Originally Posted By: paul

you have never added a direction to velocity , normaly
when you see velocity written down you do not also see
a direction.


All the time I've been treating it as a 1-dimensional system, so there are only 2 directions. I used +/- to indicate these - a 1-dimensional vector is just a number which can be either positive or negative so that's how I wrote them. If you consider it as 3D then it's the same except all the vector quantities are just the x-components of the 3D vectors. You can ignore the y and z components because any forces in those directions do nothing to the motion of the pipe along its length. The geometry can be set up so they cancel out anyway.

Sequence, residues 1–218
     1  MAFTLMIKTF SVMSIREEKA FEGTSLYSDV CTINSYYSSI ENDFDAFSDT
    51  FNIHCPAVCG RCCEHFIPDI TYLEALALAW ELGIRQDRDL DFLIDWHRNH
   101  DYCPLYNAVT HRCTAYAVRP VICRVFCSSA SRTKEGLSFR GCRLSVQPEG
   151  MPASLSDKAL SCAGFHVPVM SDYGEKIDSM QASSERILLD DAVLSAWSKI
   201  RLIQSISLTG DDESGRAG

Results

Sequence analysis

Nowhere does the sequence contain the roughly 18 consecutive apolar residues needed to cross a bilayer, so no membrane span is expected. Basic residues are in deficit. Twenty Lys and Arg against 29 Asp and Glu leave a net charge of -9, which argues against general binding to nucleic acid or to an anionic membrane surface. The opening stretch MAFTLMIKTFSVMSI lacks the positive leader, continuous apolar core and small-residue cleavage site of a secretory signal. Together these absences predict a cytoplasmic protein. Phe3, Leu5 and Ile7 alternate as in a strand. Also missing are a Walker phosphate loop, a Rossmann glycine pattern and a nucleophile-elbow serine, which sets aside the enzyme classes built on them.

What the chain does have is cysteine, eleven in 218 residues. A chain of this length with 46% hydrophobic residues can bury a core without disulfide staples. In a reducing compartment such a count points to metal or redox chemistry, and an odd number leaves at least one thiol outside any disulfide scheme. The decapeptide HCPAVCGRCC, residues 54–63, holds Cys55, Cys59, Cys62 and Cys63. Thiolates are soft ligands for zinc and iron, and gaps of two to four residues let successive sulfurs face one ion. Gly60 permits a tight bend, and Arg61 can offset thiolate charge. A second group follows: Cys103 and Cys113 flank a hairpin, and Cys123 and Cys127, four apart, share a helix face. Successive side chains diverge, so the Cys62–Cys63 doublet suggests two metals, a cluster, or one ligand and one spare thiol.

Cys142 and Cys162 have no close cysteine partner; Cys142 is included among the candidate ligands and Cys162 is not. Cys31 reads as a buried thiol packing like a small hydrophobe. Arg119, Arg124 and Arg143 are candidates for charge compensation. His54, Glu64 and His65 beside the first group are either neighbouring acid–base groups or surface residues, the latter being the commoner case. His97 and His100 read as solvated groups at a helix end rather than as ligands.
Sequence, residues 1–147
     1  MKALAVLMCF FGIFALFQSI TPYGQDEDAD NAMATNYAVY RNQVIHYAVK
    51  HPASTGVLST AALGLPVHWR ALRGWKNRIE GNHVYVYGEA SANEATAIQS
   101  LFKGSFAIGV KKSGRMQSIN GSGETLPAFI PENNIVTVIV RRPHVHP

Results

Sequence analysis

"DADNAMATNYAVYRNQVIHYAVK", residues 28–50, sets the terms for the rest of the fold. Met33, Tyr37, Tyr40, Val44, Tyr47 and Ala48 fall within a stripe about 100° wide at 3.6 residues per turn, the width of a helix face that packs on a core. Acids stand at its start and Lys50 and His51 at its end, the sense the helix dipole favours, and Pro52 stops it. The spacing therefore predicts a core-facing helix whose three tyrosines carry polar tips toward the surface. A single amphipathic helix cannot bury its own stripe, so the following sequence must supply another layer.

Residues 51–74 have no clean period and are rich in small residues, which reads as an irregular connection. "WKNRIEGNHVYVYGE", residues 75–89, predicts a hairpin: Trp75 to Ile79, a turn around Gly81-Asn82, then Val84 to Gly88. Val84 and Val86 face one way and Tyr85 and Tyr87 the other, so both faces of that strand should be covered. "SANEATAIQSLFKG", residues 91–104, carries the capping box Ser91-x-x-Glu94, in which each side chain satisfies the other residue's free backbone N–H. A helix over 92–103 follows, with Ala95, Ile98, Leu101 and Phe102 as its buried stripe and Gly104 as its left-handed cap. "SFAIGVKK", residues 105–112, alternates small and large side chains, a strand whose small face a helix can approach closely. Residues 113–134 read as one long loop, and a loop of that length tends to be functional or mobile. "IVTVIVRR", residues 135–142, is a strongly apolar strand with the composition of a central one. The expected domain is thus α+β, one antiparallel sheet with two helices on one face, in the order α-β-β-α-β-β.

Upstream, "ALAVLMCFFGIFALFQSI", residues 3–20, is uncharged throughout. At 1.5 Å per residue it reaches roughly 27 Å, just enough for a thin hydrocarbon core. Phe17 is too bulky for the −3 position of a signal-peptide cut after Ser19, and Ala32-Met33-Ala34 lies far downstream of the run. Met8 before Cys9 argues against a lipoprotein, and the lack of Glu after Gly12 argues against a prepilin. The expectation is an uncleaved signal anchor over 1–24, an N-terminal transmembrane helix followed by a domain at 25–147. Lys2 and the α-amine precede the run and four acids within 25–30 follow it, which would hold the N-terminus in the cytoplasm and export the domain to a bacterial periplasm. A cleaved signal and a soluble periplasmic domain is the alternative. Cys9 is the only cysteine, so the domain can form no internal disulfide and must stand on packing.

Quote:

accelerated from 0 m/s to 50 m/s/North
50 m/s/Left
50 m/s/South
50 m/s/Right


That hides important accelerations:
accelerated from 0 m/s to 50 m/s/North
accelerated from 50m/s/North to 50 m/s/Left
accelerated from 50m/s/Left to 50 m/s/South
accelerated from 50m/s/South to 50 m/s/Right

But it's sufficient to consider only 1 component of velocity for our purposes. That makes it much much simpler.

If you don't like the 1D simplification, then just replace the u-bends with springs. I've been treating them the same as springs all the way through.

Quote:

please explain this fantasy of yours , how does the turnaround provide even more force?


The force at the turnaround is determined by the mass's speed. Each time round it gets faster so applies more force. Even if you switch off the accelerator the mass will keep going round applying high forces at each turnaround, despite the accelerator's force being zero.

I've written out all the equations ages ago. You can go back and find them if you want.


Edited by kallog (06/24/10 01:02 PM)